Paving, A.K.A. Flatwork
After the vertical elements are built, any areas to be paved with poured concrete are next. Flatwork is saved for after vertical structures because the heavy machinery used for construction can damage pavement, making it settle unevenly, ruining the finish, or even cracking and breaking it.
Concrete is typically poured with a slight slope. This helps with drainage so it doesn’t end up with a bunch of puddles during a rain event. After the concrete is poured, it is screed, leveled, edged, and finished according to the design specifications. Other paved surfaces are poured at this point too: asphalt, or permeable paving which includes porous concrete or porous asphalt. Permeable paving is a form of LID (low impact development).
Specialty paving is paving that isn’t poured, and is made from laying down solid units. This includes bricks, concrete pavers, flagstone, etc. Constructing with pavers is more time-intensive than pouring, so it is usually the last step before planting and final touches.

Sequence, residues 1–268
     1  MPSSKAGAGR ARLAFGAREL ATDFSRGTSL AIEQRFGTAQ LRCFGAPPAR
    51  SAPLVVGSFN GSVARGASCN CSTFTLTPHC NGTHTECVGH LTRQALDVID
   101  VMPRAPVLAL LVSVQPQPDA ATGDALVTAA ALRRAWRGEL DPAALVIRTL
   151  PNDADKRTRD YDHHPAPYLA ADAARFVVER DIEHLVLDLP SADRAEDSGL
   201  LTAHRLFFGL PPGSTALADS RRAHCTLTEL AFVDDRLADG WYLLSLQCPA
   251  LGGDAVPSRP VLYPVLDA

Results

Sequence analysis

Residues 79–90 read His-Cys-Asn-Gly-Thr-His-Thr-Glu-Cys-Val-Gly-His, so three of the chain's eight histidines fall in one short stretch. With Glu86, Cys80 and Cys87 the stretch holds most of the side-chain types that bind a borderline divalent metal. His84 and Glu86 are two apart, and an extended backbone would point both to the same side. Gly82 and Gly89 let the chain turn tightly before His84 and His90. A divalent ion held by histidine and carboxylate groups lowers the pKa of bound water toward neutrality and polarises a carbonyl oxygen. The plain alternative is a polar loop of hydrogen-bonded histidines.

Delivery vehicles should be considered before bringing in the pavers, since these vehicles are heavy and can damage areas that have already been paved. Once this paving has started, it should be off-limits until it has been set with mortar, sand, or soil. Until then, any movement over the pavers (especially by vehicles) can cause them to shift.
Poured rubber safety surfacing is a great durable material for play environments. This poured in place material is comprised of two layers: a cushion layer made of clean, recycled tire rubber; and a decorative wear course layer comprised of fine virgin EPDM or TPV granules. The cushion layer thickness is customized on site, based on the fall height requirements that correspond with selected equipment. It can be installed over asphalt, concrete, or compacted sub-base aggregate. Once installed, the poured rubber will require 72 hours to cure.